Food Stamp Policy Changes Make More People Eligible

Armen Hareyan's picture
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Anyone may apply for food stamps. The program not only helps households where income is at poverty level, but also helps more financially stable families and individuals that may be experiencing temporary crisis. Due to recent state policy changes which exempt most resources for eligibility, more people may qualify for food stamps benefits. As of March 2008, resources such as property, stocks, bonds, certificates, and bank accounts are exempt for most families and will not cause ineligibility of benefits.

"We believe these changes will open the door for more families who may have fallen on hard times, but will especially help more senior citizens become eligible," said Batisa Edwards, program director of Food and Nutrition. "Property such as land ownership is one of the leading causes for continued ineligibility for many seniors."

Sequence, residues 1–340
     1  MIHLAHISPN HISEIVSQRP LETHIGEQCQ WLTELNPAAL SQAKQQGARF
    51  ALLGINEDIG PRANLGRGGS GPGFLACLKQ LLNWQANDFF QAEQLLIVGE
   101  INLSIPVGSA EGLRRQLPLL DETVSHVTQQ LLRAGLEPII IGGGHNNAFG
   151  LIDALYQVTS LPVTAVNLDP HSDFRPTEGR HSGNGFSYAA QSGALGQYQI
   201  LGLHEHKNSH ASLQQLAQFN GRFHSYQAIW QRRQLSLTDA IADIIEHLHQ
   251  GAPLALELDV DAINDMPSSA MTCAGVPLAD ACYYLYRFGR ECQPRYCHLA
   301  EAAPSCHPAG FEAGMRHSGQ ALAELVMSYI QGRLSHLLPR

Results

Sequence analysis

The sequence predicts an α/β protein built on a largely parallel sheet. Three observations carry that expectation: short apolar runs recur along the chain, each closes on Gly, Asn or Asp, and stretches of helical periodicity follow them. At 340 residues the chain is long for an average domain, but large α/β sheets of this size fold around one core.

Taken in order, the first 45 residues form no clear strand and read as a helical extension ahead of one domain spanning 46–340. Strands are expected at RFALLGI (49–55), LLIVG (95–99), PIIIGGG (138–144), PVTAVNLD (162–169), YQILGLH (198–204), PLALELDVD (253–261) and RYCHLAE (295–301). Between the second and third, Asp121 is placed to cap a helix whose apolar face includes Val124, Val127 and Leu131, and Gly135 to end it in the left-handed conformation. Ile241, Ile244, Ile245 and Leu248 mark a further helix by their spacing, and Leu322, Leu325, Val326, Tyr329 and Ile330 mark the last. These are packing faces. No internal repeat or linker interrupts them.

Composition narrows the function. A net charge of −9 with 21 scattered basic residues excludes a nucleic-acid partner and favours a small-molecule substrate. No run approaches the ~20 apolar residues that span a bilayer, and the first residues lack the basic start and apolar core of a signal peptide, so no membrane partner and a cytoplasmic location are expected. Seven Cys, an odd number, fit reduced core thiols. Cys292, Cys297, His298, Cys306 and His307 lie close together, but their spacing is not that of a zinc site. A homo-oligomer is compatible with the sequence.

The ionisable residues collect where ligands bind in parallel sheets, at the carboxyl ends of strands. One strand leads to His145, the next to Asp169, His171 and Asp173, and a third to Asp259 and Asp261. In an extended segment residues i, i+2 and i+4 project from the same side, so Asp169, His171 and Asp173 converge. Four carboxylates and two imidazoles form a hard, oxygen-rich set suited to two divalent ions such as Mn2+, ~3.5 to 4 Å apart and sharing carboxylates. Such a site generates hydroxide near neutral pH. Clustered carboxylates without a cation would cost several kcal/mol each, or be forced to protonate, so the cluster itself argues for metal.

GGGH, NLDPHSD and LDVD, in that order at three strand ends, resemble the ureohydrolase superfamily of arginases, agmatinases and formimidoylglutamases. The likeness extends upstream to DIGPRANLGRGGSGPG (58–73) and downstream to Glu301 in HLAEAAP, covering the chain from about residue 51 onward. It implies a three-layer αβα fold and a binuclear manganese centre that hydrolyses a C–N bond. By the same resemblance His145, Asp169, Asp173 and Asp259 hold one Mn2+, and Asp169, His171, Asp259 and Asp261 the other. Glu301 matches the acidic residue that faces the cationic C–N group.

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In Georgia the food stamp participation rate among seniors is only about 7 percent. To help get the word out to seniors about the policy changes, the state's outreach includes collaborations with a network of public and private senior centers as well as partnerships with churches. "We are continually looking for ways to let more people know they are eligible," said Edwards.

A single person is eligible for food stamps if their gross income is $1,107 per month or less; $1,404 for the elderly or disabled; $1,484 for a two person household; $1,861 for a three person household; $2,238 for four people; $2,615 for a family of five and $2,992 for a family of six. The amount of food stamps benefits a household receives is based on the number of people in a home, household income, and the amount of deductions used in the budgeting process.

Currently in Georgia more than 980,000 people receive food stamps per month. About 52 percent of the benefits go toward children and about 41 percent toward adults. If you're interested in applying for food stamps please contact your local Department of Family and Children Services.

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